I just moved into my own place and want to start fresh with spices. Which ones do I really need?
Tyrell Howard, Spokane, Wash.
Cooks rely most on these nine essentials: ground cinnamon, ground ginger, cumin seeds, crushed red pepper flakes, whole cloves, sweet paprika, whole nutmeg, whole allspice and cayenne pepper.
Try buying longer-lasting whole spices whenever possible, and grinding them as needed. (Ground spices taste fresh for about six months; give them a quick sniff before use to check potency.) Buy those you need less frequently in the smallest containers possible, and store all spices in a pantry or another cool, dark, dry spot.
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Tip: To make a great seasoning for pork, chicken or fish, combine 4 teaspoons sweet paprika, 2 teaspoons kosher salt, 1 teaspoon ground ginger, 3⁄4 teaspoon ground cinnamon, 1⁄2 teaspoon cayenne pepper and 1⁄2 teaspoon ground allspice; store it in a jar for up to 3 months.
My necklaces are always getting tangled. How do I unknot them, and what’s the best way to prevent this from happening?
Erika Bier, Helena, Mont.
First, unhook the chain, so you’re working with a line rather than a circle. Then gently tease out the tangle with the tip of a pin.
For a particularly tough knot, add a tiny bit of baby oil to reduce friction, but take care to keep it away from any gemstones.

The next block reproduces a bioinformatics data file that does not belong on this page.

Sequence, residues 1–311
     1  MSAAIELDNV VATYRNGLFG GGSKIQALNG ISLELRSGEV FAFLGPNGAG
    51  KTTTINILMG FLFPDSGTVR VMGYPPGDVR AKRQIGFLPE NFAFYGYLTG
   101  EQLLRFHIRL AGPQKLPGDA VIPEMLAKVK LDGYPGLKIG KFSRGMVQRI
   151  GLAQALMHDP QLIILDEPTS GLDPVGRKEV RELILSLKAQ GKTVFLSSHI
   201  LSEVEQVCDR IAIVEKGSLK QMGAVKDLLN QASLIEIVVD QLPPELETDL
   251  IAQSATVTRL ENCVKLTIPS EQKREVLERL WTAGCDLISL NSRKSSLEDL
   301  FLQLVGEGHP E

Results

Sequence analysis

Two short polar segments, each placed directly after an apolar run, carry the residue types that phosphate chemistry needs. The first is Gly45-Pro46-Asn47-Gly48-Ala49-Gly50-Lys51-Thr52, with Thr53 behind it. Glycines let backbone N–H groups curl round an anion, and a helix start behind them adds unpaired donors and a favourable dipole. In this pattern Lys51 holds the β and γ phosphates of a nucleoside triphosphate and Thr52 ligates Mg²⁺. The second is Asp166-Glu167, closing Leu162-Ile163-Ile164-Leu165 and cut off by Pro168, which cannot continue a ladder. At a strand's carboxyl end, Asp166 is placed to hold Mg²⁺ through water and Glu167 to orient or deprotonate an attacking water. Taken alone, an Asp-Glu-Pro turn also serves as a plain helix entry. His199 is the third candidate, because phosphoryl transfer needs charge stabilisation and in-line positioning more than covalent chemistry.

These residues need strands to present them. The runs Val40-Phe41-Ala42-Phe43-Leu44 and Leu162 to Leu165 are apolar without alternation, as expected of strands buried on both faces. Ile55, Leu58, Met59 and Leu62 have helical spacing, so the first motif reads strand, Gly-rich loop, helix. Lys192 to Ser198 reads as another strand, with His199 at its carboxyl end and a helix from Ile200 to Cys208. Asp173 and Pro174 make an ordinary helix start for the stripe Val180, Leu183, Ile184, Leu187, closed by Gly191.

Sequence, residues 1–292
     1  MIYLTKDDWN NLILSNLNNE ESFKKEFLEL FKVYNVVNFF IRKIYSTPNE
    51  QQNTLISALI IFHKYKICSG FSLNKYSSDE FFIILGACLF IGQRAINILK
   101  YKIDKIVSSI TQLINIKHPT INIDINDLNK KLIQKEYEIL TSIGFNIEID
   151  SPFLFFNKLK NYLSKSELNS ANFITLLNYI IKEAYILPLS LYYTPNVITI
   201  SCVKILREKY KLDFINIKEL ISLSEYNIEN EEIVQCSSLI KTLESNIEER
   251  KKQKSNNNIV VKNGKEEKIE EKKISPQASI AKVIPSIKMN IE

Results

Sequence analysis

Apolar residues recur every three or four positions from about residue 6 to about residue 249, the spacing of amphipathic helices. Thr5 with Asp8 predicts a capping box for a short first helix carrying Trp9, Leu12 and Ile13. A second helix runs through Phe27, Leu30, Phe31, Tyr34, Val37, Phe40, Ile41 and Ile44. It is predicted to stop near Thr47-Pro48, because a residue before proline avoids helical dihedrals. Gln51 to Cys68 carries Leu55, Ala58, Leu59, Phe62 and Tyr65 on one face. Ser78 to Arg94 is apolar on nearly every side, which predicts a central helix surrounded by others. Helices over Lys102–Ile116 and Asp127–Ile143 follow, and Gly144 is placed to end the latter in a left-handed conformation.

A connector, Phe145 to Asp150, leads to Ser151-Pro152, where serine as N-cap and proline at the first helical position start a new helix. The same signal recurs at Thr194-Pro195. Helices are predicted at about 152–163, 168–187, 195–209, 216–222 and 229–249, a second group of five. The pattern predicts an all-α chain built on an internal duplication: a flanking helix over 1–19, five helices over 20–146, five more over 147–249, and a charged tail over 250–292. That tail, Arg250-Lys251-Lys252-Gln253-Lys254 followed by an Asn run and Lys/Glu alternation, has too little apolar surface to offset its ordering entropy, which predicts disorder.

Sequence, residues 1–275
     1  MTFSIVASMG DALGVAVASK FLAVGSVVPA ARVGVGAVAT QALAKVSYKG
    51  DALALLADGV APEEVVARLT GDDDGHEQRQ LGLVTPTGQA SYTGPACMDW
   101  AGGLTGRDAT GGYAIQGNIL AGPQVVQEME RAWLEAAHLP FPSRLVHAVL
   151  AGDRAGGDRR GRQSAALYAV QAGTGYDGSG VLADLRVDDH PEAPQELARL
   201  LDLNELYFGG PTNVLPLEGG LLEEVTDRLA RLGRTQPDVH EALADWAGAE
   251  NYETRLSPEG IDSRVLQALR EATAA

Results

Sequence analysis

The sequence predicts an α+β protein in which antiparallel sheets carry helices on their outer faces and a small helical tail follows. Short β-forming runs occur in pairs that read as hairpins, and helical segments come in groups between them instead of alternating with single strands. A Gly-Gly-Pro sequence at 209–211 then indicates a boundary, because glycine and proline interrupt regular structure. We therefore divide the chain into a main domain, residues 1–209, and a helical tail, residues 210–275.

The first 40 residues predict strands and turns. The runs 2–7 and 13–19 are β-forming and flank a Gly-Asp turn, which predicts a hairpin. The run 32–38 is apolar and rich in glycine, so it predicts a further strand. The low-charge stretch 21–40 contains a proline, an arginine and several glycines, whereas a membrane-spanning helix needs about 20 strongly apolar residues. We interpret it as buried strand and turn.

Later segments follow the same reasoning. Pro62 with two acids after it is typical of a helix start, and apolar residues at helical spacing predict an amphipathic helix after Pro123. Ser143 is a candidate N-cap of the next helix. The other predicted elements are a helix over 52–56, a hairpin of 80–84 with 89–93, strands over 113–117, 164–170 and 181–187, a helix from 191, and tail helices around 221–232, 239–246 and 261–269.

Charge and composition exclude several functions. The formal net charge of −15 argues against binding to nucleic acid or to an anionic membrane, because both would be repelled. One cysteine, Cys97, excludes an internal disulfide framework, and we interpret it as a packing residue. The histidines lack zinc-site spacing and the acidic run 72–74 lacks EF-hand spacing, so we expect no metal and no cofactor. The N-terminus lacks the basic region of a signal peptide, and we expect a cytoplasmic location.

To avoid future tangles, lay your jewelry in an organizing tray that can sit on your dresser or in a drawer. This one from Wolf is fitted with a slip-free insert that inhibits tarnish. It also prevents delicate necklaces and bracelets from touching — and getting snarled ($19 for 1 1⁄2-inch standard tray; $25 for necklace insert, wolf1834.com).
How can I maintain my dog’s coat between trips to the groomer?
Isaiah Tomlinson, Richmond, Va.
Regular brushing once or twice a week not only keeps your pet looking her best — it also gives you a chance to detect changes that could be signs of a serious medical condition.
Only bathe your pet about once a month (more frequent cleanings can dry out her skin). Brush first, removing any mats, and then use a pet-safe shampoo, as well as a conditioning rinse, if you have a long- or wire-haired breed. (Try Earthbath Oatmeal & Aloe Shampoo and Conditioner; $17 and $19, amazon.com.)
Some long-haired dogs may need trims between groomings, too — around the eyes (for visibility), the chin and jaw (to keep food from getting stuck), or the paws (to prevent dirt from collecting). A vet or groomer can show you how to do this safely at home.
Distributed by The New York Times Syndicate